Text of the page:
For three Sundays, the gospel readings have been parables about the kingdom of heaven. We have heard the Parables of the Sower, Weeds and Wheat, Mustard Seed, Yeast, Buried Treasure, Precious Pearl, and Dragnet. What I find interesting about the telling of the first two parables is that after each one it appears that Jesus provides an explanation for their meaning. However, the Dominican Scripture Scholar, Barbara Reid, OP, reminds us that before the parables were written down, they were told and retold by people who added details according to the circumstances and situations in which they lived. First century story tellers used allegories to connect features of Jesus’ parables with their own political, religious, and community happenings. Barbara goes on to say that people usually see God as the sower in the first parable. It is God, the farmer, who throws the word out to good people as well as to bad people. The parable is an illustration of God’s all-inclusive love for human beings.
In the Parable of the Wheat and Weeds, the early Christian community recognized Jesus as the landowner. The field is the world, the good seed is the children of God, and the weeds are evildoers. The parable is an illustration of God’s love for those who endure in a world of evil through their persistent patience and their enduring faith.
With all this said, we come to the Parable of the Buried Treasure and the Parable of the Precious Pearl. These two parables are found only in the Gospel of Matthew and they belong with each other as did the first two parables. The usual interpretation of these two parables is that Jesus is both the hidden treasure and the precious pearl. As we go through life, we are the unnamed person and the merchant who first seek Jesus and then someday find Jesus. It is up to us to sell all that we have to possess him.
But I suggest to you that because God and Jesus are the central characters of the Parable of the Sower and the Parable of the Wheat and Weeds, when it comes to the Parable of the Buried Treasure and the Precious Pearl, God is the unnamed person who is preoccupied with purchasing the field. God is the merchant who is infatuated with obtaining the precious pearl. In other words, God spends hours admiring the two prizes. God dreams about the two valuables all through the night. Most importantly, God tells Jesus that for the buried treasure and the precious pearl no cost is too great, not even his life. This makes us the valued treasure. This makes us the precious pearl. How then are we promoting the kingdom of heaven through who we are and what we do?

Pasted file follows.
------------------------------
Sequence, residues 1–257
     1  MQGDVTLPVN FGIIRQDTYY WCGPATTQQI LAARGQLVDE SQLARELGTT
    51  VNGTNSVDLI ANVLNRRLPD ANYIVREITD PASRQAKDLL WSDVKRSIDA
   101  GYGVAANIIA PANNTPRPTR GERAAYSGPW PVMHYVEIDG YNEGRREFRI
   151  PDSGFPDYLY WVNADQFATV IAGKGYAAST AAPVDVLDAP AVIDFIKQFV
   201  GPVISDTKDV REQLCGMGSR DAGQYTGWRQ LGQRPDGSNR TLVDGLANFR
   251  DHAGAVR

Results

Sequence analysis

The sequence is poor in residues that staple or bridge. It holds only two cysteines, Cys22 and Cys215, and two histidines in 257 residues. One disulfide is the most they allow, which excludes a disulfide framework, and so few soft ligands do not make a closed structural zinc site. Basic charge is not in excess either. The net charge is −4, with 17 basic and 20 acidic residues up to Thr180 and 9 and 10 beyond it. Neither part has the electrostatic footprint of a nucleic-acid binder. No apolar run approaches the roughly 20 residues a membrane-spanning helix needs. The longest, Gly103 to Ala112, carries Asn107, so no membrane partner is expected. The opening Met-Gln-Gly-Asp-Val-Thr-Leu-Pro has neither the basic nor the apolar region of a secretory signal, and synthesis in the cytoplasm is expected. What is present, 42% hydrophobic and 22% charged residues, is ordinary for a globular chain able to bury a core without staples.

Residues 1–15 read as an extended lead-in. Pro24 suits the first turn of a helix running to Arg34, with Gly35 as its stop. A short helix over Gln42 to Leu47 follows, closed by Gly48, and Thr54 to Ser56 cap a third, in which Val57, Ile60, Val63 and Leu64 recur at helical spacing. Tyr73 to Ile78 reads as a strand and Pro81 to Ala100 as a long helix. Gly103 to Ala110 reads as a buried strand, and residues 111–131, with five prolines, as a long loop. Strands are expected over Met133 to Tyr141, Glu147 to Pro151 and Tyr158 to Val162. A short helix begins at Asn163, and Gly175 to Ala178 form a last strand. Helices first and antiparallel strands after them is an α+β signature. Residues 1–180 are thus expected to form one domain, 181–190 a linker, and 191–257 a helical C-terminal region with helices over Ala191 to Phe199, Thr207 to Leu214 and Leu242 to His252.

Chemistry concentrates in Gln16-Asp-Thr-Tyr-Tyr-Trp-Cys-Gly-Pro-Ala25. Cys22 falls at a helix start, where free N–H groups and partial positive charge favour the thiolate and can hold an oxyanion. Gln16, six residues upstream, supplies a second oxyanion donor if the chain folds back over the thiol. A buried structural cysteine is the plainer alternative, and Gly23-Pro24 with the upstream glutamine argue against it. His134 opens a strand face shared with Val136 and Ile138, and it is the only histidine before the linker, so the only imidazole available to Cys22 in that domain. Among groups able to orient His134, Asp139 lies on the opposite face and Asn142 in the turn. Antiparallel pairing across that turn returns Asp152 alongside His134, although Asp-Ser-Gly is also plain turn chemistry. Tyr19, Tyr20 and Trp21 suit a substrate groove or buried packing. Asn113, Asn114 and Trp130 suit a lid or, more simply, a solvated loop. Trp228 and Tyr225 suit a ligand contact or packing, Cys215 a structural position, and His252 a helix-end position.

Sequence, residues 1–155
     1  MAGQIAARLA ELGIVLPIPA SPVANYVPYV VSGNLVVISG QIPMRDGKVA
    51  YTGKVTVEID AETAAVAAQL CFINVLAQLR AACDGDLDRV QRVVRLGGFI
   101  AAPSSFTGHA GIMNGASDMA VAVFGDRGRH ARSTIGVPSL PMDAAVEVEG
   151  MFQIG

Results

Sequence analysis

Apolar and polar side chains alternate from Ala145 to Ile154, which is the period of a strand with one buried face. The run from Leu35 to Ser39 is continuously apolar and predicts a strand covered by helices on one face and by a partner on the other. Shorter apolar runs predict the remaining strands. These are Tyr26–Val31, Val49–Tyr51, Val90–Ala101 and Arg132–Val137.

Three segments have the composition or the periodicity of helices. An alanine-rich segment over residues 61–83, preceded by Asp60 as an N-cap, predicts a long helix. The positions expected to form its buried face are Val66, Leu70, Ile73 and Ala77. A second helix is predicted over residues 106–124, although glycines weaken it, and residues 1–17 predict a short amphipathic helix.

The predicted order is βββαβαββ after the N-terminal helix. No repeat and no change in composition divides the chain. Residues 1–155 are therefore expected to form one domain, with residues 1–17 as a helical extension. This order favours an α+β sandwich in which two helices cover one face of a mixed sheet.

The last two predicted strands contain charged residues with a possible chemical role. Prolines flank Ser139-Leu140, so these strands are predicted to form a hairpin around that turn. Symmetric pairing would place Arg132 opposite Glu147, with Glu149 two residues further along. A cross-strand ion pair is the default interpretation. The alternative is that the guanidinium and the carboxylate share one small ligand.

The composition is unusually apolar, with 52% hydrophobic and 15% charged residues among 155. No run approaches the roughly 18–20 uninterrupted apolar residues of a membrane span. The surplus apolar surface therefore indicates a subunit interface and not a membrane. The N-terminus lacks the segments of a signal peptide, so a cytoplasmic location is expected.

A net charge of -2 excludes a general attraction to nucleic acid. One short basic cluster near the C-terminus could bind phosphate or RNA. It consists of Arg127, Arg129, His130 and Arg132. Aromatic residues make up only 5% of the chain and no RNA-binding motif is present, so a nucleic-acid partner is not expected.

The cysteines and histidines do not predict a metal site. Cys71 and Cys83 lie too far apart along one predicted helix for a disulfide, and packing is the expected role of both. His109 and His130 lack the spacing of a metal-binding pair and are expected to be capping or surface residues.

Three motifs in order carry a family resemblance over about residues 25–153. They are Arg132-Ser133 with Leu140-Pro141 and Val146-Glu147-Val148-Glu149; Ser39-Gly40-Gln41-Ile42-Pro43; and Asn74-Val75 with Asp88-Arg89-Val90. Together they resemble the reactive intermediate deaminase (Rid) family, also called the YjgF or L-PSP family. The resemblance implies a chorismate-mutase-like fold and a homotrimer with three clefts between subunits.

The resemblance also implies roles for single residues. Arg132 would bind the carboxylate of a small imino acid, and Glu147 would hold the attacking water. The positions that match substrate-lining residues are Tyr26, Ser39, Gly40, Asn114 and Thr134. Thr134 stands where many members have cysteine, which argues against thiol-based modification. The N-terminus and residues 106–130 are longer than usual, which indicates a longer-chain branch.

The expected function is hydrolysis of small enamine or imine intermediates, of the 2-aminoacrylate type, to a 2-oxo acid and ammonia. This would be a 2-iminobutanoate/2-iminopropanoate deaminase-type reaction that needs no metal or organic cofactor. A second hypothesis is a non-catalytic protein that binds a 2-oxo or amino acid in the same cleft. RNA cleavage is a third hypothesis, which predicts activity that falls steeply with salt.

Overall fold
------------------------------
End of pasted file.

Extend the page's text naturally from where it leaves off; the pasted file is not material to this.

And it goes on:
Through your thoughtful evaluation, generous financial contributions, and trusting patience, our worship space is becoming more and more inviting. The community of St. Matthew gathers and worships beneath LED lights that provide an inviting, welcoming, and comfortable space to worship.
But the Church of St. Matthew was built with clerestory windows. Clerestory windows are a series of windows along the top of a building’s wall, usually at or near the roof line. According to biblical passages, the temple built by King Solomon had clerestory windows. Clerestory windows are often placed in basilicas and the naves of Romanesque and Gothic churches to provide indirect light that draws our eyes heavenward.
In the 1970’s, plexiglass panes were a low-cost treatment for our clerestory windows. However, to help combat heat loss, fiberglass insulation was laid on top of the panes. This made a striking and unintended change in the character of our worship space.
Nevertheless, with parish volunteers instead of payed employees, with renting out space in the parish center and the social hall, with your weekly donations, with your special project contributions, and with your Scrip card purchases, we have a few but not all the dollars needed to replace the plexiglass with thermal glass.
In the very near future, the estimated cost to replace the windows will be known. Through our working together in projects like preparing strawberries for the State Fair, volunteering for and/or participating in the Fall Festival, purchasing tickets and attending the Fix-It Dinner where our funds are matched by the Catholic Foresters, and by your continued weekly contributions, everyone is involved in the life and direction of our parish. Because we are God’s valued treasure; because we are God’s precious pearl, the kingdom of heaven is in our hands.
Fr. Bob Kelly